Diabetes Mellitus in Peru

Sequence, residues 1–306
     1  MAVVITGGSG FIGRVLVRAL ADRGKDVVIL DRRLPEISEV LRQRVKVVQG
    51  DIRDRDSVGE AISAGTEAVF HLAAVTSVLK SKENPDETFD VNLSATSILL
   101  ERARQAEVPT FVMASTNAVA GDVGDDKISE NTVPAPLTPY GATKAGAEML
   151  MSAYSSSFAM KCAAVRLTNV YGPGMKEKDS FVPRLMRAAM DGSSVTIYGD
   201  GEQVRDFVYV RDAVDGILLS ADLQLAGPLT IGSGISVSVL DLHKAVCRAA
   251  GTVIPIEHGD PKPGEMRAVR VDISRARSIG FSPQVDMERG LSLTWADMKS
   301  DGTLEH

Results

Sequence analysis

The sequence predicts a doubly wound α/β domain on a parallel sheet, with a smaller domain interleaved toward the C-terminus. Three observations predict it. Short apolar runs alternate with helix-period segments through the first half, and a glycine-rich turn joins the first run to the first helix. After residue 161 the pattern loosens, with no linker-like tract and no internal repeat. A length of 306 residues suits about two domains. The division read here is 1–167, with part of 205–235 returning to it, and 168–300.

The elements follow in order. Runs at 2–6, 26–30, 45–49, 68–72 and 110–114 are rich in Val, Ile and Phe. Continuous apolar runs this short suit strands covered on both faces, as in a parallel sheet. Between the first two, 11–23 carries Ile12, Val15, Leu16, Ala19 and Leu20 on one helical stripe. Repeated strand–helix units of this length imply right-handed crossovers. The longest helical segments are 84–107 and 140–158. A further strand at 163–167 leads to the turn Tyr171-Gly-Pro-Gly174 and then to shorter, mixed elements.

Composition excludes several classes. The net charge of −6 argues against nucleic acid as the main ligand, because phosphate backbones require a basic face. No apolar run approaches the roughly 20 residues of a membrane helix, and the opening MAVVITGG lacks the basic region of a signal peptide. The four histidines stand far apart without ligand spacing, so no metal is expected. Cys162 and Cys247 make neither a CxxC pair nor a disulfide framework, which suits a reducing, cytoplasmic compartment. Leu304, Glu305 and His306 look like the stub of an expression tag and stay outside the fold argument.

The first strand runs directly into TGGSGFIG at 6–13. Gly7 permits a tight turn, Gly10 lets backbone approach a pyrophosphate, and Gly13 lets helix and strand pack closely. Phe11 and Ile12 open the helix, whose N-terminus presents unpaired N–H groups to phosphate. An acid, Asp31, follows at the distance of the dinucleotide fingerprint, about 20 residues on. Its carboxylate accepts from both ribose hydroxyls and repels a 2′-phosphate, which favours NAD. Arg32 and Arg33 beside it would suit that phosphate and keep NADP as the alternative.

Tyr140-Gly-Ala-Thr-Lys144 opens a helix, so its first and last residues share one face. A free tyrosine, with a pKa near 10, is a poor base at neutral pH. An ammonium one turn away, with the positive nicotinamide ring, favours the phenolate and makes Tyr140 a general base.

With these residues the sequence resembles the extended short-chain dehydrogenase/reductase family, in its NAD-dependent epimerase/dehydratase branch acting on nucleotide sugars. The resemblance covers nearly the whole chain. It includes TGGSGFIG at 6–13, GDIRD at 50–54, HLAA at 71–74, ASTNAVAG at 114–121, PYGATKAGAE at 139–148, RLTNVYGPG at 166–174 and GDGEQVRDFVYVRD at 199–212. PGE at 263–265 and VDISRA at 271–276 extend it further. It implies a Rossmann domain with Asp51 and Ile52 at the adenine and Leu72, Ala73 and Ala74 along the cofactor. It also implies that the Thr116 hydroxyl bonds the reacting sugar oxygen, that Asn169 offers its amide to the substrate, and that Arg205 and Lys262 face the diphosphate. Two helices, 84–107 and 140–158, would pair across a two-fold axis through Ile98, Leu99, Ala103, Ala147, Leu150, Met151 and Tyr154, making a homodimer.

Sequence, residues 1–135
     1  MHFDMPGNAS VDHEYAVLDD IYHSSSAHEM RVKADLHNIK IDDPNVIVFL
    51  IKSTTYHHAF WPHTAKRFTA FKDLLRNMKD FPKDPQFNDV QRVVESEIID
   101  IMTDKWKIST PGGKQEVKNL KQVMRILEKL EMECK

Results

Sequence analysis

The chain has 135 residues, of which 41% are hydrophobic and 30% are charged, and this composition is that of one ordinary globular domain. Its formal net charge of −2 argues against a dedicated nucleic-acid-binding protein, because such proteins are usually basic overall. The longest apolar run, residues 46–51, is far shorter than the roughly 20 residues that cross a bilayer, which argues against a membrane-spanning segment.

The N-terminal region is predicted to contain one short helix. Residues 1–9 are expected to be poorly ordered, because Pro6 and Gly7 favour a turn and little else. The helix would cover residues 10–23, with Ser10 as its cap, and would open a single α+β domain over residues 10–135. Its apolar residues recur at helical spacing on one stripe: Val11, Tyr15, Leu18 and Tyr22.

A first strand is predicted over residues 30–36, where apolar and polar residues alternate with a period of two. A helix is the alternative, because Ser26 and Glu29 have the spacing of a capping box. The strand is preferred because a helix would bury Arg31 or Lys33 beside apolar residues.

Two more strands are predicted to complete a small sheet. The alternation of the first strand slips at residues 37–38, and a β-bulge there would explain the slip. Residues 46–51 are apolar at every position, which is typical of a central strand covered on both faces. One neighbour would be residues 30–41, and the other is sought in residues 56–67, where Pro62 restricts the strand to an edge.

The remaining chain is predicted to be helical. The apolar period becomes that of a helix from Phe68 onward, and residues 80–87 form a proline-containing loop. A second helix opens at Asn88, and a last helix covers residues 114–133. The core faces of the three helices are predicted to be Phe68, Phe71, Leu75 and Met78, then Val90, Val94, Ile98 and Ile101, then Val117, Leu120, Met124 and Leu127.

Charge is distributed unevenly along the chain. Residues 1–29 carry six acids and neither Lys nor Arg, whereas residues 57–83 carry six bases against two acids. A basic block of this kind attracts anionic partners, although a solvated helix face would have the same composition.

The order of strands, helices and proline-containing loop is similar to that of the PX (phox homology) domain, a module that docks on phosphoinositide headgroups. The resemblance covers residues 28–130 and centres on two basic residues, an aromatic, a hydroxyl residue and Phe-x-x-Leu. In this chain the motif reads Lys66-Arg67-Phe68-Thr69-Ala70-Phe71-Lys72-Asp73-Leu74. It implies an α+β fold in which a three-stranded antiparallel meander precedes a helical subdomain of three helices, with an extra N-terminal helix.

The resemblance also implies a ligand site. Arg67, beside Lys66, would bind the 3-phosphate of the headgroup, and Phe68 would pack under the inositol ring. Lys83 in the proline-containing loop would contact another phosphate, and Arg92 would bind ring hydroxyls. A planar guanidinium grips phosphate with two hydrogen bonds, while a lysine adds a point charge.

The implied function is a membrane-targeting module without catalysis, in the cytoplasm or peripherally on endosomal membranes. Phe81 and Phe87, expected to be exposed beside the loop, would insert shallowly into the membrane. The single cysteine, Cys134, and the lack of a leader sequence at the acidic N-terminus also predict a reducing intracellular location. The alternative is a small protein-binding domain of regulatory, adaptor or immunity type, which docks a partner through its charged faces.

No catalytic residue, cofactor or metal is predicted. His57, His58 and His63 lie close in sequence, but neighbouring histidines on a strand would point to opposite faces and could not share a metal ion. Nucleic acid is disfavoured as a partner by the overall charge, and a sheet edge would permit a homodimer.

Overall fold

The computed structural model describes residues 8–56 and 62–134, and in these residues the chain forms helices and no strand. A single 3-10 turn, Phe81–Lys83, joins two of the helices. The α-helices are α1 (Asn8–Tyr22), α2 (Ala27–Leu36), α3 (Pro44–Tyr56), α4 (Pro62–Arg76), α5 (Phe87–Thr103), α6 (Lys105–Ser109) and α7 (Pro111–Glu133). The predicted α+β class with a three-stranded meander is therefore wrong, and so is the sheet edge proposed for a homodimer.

BACKGROUND: Peru is an upper medium-income developing country with an increasing prevalence of chronic diseases, including diabetes. OBJECTIVE: To review and describe the epidemiology, drivers, and diabetes care plan in Peru. METHODS: The medical literature was reviewed based on systematic searching of PubMed, Scielo, and various gray literature from the International Diabetes Federation, World Health Organization, and local Peruvian agencies. FINDINGS: In Peru, diabetes affects 7% of the population. Type 2 diabetes accounts for 96.8% of outpatients visits with this condition. Type 1 diabetes has an incidence of 0.4/100,000 per year, and gestational diabetes affects 16% of pregnancies. The prevalence of glucose intolerance is 8.11% and that of impaired fasting glucose 22.4%. The prevalence of overweight, obesity, and metabolic syndrome in adults is 34.7%, 17.5%, and 25%, respectively. Metabolic syndrome prevalence is greater in women and the elderly and at urban and low-altitude locations. Diabetes is the eighth cause of death, the sixth cause of blindness, and the leading cause of end-stage kidney disease and nontraumatic lower limb amputation. In Peru, diabetes accounts for 31.5% of acute myocardial infarctions and 25% of strokes. Infections, diabetic emergencies, and cardiovascular disorders are the main causes for admissions, with a mortality rate < 10%, mainly as a result of infections, chronic kidney disease, and stroke. Sixty-two percent of the population has health insurance coverage, with inequities in the distribution of health care personnel across the country. Less than 30% of treated patients have a hemoglobin A1c < 7%. CONCLUSIONS: Diabetes is a major health care issue in Peru that exposes difficult challenges and shortcomings. The national strategy for tackling diabetes includes promotion of healthy lifestyles; training primary care physicians and providing them with evidence-based clinical practice guidelines, safe and effective medications, and tools for monitoring treatment; and, finally, construction of a comprehensive health care network for early referral in order to prevent, detect, and treat diabetic complications.
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